Actually, upon further scrutiny, it turns out that the real-life Good King Wenceslas was only a duke (http://en.wikipedia.org/wiki/Good_King_Wenceslas) of Bohemia but this demotion in rank does not disenchant me one whit from a favorite carol that I always associate with Boxing Day. And that’s because in Italy, Boxing Day is the feast day of St Stephen – Santo Stefano, one of the very first Christian martyrs. An adage that is rarely heard of these days but one with which I grew up on a regular basis goes something like this: “It will only last from Christmas to St Stephen’s day” (“dura da Natale a Santo Stefano) — meaning, “it will be short lived” or “it won’t last long”, with just a wee hint of a cynic’s appraisal of a situation.
I don’t know about you but, although a great lover of Christmas Eve and Christmas Day, I find that Boxing Day-Santo Stefano also has pride of place because the word “relaxation” starts to make an entrance again, without in any way stooping to party pooping. There are plenty of leftovers, friends and family can pop round, or vice versa, and there is much rejoicing in the exchange of tales and experiences relived.
I am someone who does like to rejoice, and fully so!, but the last six weeks saw me troubled by a health issue that was not at all life threatening (thank goodness) but that did require two operations within the space of two weeks, not to mention having to keep still for a while (a “while” that seemed interminable to someone with ants in their pants like me). And my son likewise required an operation only last week (again, non life threatening, and all is well, phew, although it wasn’t exactly painless afterwards for him). And the result was that I just ‘froze’ in terms of the blog. I found to my consternation that I was unable to write one, solitary, miserly post … and all because … well… because I think these blog posts are all about … you know, The Bearable Lightness of Being (pace Milan Kundera!) and not whinging on in self commiseration. I was reminded of the poet Ella Wheeler Wilcox’s lines from “Solitude” :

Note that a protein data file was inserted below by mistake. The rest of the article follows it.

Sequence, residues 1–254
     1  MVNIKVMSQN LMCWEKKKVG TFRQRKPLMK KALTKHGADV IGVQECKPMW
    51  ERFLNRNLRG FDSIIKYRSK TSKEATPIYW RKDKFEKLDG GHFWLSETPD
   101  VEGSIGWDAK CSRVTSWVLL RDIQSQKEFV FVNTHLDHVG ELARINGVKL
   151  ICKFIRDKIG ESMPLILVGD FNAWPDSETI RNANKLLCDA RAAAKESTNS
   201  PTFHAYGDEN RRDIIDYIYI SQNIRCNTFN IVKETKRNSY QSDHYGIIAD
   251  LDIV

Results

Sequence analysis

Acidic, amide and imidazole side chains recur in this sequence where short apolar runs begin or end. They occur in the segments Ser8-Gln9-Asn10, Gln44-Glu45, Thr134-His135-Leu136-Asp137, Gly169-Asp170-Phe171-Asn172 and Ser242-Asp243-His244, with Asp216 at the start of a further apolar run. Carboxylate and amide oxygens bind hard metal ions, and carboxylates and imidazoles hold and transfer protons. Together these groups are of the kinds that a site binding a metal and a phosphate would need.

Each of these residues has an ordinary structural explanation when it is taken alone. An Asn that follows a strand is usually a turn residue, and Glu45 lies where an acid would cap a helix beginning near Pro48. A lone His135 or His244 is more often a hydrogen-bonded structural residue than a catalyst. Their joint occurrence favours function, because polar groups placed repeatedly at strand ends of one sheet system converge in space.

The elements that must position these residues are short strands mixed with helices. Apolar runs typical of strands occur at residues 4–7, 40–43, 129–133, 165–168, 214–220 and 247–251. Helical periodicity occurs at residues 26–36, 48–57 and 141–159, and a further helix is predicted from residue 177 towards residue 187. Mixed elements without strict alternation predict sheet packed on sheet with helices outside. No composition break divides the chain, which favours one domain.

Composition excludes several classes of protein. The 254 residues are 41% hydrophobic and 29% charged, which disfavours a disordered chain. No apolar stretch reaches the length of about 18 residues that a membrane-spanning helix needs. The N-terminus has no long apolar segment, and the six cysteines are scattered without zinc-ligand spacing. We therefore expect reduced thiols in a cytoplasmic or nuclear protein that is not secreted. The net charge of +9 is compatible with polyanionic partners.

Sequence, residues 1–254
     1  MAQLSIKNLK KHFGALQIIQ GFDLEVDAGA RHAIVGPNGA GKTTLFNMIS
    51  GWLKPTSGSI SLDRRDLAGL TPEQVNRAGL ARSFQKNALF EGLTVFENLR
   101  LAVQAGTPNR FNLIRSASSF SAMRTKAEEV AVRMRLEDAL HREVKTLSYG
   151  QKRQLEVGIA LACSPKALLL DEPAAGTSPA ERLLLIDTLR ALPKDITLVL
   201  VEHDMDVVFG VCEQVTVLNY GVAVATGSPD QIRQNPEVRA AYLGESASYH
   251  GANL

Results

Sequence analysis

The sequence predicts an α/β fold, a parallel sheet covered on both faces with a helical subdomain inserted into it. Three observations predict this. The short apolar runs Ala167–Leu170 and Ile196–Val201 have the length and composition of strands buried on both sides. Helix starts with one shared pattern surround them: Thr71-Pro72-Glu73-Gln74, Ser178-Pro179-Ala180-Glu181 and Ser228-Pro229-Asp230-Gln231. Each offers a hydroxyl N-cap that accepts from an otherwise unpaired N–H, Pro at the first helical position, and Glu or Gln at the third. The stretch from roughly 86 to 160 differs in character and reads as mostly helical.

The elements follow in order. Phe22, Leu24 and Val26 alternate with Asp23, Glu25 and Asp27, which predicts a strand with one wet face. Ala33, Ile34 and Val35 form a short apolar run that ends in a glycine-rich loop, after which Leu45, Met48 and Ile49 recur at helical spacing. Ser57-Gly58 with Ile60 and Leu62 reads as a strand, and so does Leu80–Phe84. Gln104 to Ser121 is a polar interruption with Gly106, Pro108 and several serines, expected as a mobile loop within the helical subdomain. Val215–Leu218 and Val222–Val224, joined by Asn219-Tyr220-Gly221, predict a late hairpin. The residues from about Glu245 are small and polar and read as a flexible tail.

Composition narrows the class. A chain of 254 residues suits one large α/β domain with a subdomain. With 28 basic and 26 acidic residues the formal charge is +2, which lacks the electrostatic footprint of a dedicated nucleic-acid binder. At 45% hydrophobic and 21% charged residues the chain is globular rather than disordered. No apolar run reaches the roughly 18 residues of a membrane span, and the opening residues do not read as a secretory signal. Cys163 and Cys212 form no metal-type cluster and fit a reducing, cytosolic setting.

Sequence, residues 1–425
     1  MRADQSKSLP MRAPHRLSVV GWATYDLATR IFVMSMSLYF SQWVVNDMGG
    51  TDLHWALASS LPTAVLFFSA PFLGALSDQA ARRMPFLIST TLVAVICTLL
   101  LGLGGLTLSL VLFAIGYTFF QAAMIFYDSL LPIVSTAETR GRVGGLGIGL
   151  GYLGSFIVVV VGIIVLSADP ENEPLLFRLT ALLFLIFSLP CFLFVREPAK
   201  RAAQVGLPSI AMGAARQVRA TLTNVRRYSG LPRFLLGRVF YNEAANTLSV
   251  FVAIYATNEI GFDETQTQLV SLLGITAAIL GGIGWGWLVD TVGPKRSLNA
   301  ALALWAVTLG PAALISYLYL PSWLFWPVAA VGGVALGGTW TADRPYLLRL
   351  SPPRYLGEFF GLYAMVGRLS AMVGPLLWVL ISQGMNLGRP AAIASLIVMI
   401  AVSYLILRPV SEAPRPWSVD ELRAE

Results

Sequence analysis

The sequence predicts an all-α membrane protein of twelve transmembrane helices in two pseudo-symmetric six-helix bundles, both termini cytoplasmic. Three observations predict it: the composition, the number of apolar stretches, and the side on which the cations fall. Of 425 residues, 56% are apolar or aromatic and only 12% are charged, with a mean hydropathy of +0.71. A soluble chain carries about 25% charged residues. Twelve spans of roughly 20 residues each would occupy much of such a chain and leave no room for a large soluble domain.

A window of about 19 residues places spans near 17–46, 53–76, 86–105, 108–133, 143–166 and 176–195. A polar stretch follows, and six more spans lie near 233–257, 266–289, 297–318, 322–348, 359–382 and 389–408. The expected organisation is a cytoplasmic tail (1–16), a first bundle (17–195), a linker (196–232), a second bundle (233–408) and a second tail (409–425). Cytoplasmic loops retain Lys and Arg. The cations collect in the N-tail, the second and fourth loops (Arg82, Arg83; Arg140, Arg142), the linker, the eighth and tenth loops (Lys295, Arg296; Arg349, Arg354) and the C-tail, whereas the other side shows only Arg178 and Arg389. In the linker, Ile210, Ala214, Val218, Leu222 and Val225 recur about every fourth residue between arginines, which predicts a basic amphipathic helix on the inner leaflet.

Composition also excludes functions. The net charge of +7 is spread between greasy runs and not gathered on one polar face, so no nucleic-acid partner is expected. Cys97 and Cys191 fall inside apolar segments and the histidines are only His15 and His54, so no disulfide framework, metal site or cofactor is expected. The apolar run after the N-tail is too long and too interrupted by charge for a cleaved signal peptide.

Laugh and the world laughs with you,
Weep, and you weep alone;
The good old earth must borrow its mirth,
But has trouble enough of its own.
I came to the hide-bound conclusion that I wasn’t a stoic and found proof positive in another of her verses, this time drawn from “The Man Worth While”. It opens thus:
It is easy enough to be pleasant,
When life flows by like a song,
But the man worth while is one who will smile,
When everything goes dead wrong.
All this was a terrible blow to my sense of self, as you can imagine. Not only was I NOT smiling, I was groaning and moaning, grumbling and whining, and not minding who was within hearing distance of my lamentation, as I took to ruing and bewailing as if there were no tomorrow. The adjective “long suffering” must be designated to my darling husband who put up with all of this, and worse!, to the point of one day raising his eyes heavenwards and muttering (aha! but I overheard him!) “If only this had happened to me instead” … sigh. I found out, if ever there was any doubt, that I am really not good at being “patient” which is what convalescing is all about. Some people are docile when they are not well, they do as they are told, with minimum fuss. I tend to want to know WHY I need to do what I am supposed to do … and then, only then, can I comply and act in an adult-like fashion (please don’t get me started on how standard medicine tends to ignore the “person” while bending over backwards to cure the disease).
Just hours after the first operation, which was early in November, and the weather still benignly warm, I suggested we go for a porchetta sandwich overlooking Lake Albano. I always try and get better as soon as possible, and as best I can, with a good dose of joking and banter. Here are my son, my mother and I after chomping the last bite of our sandwich:
Friends arrived the following day from Canada and did much to divert my convalescence and I even blogged about a party (see last post) that everyone put together.
The second time around was altogether different. I couldn’t even stir the spoon in my espresso cup and burst into tears. The day before the operation, I had wisely prepared some chicken soup, Chinese style (you do realise that chicken soup is the most popular medicine world-wide, after prayer! Seriously, this comes from data provided by the Museum of Ethno-Medicine in Genoa: http://www.etnomedicina.unige.it/page.php?lang=1&titolo=Museo%20di%20Etnomedicna). Darling daughter put it all together and spoiled me rotten.
But friends and neighbours were wonderful and brought food and soothing words and smiles and a gaze in their eyes that spoke of compassion for the suffering of a fellow human being. I felt so grateful, even as I felt miserable. Reciprocity is a wonderful thing, and understanding — really understanding — that we are all so dependent upon each other (in a healthy way!) in this life can make a lot of sense when respect and tenderness are called into play.
This is a blog about food … and preparing food is an act of love, in sickness as in health. Like most people, I prefer “health” and now that I am so much better, so much more “me”, warts and all, I can look forward to writing more up-beat posts.
Here is raising a glass to everyone’s health! Cin-cin! Prosit! Cheers! Salud! A la santé! Salute!
“The Winds of Fate” (again by Ella Wheeler Wilcox)
One ship drives east and another drives west
With the selfsame winds that blow.
‘Tis the set of the sails,
And Not the gales,
That tell us the way to go.
Like the winds of the sea are the ways of fate;
As we voyage along through life,
‘Tis the set of a soul
That decides its goal,
And not the calm or the strife.